Brown, Whitman Compare Each Other to Unpopular Gov. Schwarzenegger

BY David Chalian  October 20, 2010 at 8:05 AM EDT

California gubernatorial race

Supporters of California gubernatorial candidates Jerry Brown and Meg Whitman. Photo by Justin Sullivan/Getty Images.

The Morning Line

After Tuesday, California gubernatorial candidates Jerry Brown and Meg Whitman shouldn’t wait by the phone for an endorsement from the man they are trying to succeed, Arnold Schwarzenegger.

Both candidates spent the day trying to convince voters that the other would be more like the current governor, whose approval rating has dipped to a near record low of 23 percent.

Brown, the Democratic state attorney general and former governor, unveiled a minute-long television ad that pulls snippets of sound from Schwarzenegger and Whitman making sometimes identical statements about leadership, background and governing strategy.

“Insanity is doing the same thing over and over again and expecting different results,” Schwarzenegger says, followed by Whitman, who says, “Insanity is doing the same thing over and over again and hoping for different results.”

Whitman campaign spokeswoman Andrea Jones Rivera issued a statement Tuesday calling the comparison “a false equivalency.” Rivera also sought to link Brown and Schwarzenegger by pointing out their shared support of a 2009 ballot measure “that would have raised Californians’ taxes by $16 billion.”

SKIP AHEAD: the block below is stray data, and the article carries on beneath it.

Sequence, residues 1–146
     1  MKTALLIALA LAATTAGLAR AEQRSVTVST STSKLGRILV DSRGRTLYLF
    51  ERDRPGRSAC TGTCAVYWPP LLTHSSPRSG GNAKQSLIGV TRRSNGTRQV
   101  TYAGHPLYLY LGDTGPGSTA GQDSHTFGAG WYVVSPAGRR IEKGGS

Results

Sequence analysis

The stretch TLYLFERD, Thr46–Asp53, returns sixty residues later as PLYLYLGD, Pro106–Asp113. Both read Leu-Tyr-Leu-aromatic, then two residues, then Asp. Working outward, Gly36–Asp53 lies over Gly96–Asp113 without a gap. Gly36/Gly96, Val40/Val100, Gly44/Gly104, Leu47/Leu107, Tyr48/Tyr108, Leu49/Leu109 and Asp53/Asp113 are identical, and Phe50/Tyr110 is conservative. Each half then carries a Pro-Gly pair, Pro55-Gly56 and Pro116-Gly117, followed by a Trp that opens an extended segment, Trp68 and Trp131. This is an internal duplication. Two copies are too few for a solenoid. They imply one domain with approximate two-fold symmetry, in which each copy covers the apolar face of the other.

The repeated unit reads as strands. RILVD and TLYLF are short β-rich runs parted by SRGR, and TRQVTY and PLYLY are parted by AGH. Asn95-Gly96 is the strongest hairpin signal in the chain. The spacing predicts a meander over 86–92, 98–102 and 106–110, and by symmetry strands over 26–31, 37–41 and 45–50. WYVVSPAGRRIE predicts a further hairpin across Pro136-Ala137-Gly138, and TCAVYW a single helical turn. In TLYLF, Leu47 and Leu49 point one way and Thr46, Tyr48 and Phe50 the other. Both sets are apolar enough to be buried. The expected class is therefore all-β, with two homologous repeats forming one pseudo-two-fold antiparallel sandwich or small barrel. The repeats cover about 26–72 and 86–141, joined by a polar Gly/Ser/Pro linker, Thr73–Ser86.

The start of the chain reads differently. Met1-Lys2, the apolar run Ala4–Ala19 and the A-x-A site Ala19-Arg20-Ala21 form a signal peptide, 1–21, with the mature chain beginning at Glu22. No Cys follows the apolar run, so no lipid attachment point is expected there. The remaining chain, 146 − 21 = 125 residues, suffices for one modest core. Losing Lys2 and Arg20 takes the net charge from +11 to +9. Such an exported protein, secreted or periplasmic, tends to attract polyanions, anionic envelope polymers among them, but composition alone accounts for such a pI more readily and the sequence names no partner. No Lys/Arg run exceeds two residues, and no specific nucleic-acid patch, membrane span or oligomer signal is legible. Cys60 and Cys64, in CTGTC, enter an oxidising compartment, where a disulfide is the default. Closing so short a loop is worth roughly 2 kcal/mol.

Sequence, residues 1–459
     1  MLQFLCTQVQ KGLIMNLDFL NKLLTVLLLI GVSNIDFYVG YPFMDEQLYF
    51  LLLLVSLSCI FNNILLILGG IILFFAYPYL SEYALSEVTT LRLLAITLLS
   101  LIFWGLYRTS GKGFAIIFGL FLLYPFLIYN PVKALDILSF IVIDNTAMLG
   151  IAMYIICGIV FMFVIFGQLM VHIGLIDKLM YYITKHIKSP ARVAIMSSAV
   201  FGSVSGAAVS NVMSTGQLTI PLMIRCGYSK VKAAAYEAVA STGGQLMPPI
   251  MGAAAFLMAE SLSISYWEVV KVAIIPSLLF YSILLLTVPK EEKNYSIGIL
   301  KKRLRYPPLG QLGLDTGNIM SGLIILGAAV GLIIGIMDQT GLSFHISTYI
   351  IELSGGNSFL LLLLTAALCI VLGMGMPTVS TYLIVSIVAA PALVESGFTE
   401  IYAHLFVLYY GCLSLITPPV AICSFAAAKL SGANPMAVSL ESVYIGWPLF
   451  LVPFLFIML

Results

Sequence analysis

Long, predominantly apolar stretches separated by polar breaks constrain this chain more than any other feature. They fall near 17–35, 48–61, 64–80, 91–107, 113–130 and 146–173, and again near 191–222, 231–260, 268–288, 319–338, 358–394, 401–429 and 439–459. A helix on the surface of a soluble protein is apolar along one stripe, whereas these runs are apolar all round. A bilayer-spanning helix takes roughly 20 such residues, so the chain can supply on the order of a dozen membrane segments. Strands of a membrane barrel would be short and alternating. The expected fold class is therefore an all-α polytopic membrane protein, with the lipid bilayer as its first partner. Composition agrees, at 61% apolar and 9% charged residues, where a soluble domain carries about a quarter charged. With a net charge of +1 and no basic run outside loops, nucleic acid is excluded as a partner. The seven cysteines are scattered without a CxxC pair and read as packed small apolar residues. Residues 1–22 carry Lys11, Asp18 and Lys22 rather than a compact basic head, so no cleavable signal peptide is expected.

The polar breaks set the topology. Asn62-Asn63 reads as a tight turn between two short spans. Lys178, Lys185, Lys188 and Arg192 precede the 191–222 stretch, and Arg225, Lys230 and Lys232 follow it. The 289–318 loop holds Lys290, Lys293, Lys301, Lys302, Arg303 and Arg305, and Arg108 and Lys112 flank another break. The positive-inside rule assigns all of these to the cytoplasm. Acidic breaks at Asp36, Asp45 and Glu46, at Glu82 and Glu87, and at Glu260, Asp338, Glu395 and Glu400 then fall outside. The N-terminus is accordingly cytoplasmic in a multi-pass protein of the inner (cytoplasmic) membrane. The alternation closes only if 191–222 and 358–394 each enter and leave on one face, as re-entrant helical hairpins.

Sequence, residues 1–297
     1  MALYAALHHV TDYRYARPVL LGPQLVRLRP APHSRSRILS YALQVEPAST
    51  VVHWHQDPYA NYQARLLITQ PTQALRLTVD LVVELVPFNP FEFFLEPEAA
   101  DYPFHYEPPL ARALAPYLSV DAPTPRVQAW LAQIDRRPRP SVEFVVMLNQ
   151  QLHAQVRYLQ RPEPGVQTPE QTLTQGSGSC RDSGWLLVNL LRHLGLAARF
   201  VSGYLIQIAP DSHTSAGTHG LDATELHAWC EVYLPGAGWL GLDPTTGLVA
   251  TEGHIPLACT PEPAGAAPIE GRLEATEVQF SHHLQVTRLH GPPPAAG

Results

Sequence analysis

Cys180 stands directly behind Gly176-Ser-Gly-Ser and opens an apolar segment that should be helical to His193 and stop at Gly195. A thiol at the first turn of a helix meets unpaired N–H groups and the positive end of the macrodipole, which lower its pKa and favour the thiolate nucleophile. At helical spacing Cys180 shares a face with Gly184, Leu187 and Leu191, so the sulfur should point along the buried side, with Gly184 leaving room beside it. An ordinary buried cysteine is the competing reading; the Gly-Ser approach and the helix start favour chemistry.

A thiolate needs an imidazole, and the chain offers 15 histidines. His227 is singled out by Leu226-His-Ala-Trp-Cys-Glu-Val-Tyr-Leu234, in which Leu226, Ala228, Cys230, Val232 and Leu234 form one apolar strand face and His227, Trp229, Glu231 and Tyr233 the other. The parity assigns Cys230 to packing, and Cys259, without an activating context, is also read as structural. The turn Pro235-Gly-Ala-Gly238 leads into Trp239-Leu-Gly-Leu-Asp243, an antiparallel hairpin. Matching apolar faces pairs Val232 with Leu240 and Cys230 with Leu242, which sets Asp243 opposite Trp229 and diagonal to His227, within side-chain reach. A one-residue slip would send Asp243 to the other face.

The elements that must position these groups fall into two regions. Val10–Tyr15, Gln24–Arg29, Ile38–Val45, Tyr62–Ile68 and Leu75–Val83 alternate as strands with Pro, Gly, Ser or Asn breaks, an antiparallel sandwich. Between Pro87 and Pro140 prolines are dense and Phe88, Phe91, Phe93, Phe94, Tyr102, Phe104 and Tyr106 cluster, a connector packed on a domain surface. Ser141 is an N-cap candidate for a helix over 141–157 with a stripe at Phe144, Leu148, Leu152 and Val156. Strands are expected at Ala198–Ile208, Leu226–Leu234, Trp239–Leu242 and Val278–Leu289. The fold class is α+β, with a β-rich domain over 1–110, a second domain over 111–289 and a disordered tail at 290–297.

Whitman, the Republican candidate, also released an ad of her own Tuesday that portrays Brown as a “puppet” of organized labor. The spot targets the more than $20 million unions have spent on behalf of the Democrat. Brown appears as a marionette as a narrator concludes: “Jerry Brown, again? He sure comes with strings attached.”

THE LATINO VOTE

With so many close races in states with a high concentration of Latino voters, it’s no surprise to see the battle for this crucial bloc in full swing.

“About 6.5 million Hispanic voters will likely cast their ballots this year, according to the National Association of Latino Elected and Appointed Officials — nearly 1 million more than in the last midterm elections in 2006. The group derived its estimate by looking at the increase in Hispanic voter turnout in the past three congressional elections,” reports Sandhya Somashekhar of the Washington Post.

That estimate is clearly not lost on either party. “Latinos for Reform,” a Republican friendly group, produced an ad to run in Nevada urging Latino voters to stay home and not vote this year. The Spanish-language TV network Univision has pulled the ad from rotation and will not run it.

Per the Wall Street Journal’s Laura Meckler, President Obama denounced the ad in a roundtable with reporters Tuesday.

“I think it is terrible. . . It is a cynical political ploy to try to drive Latino votes to benefit a Republican candidate in Nevada who would never vote for immigration reform,” the president said.

This comes on the heels of the Republican candidate in the state’s Senate race, former assemblywoman Sharron Angle, being seen on tape telling a group of Latino students that “some of you look a little more Asian to me.”